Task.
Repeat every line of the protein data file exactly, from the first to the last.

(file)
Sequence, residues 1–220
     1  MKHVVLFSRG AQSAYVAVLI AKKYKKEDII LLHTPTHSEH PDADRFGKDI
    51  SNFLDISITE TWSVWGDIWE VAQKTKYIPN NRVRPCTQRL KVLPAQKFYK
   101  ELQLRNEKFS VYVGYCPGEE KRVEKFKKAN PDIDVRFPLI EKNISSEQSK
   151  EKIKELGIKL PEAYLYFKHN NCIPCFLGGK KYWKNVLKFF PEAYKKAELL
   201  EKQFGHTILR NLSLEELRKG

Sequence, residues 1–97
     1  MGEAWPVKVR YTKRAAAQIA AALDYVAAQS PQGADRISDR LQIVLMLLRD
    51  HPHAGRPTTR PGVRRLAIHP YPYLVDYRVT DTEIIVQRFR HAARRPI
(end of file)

Sequence, residues 1–220
     1  MKHVVLFSRG AQSAYVAVLI AKKYKKEDII LLHTPTHSEH PDADRFGKDI
    51  SNFLDISITE TWSVWGDIWE VAQKTKYIPN NRVRPCTQRL KVLPAQKFYK
   101  ELQLRNEKFS VYVGYCPGEE KRVEKFKKAN PDIDVRFPLI EKNISSEQSK
   151  EKIKELGIKL PEAYLYFKHN NCIPCFLGGK KYWKNVLKFF PEAYKKAELL
   201  EKQFGHTILR NLSLEELRKG

Sequence, residues 1–97
     1  MGEAWPVKVR YTKRAAAQIA AALDYVAAQS PQGADRISDR LQIVLMLLRD
    51  HPHAGRPTTR PGVRRLAIHP YPYLVDYRVT DTEIIVQRFR HAARRPI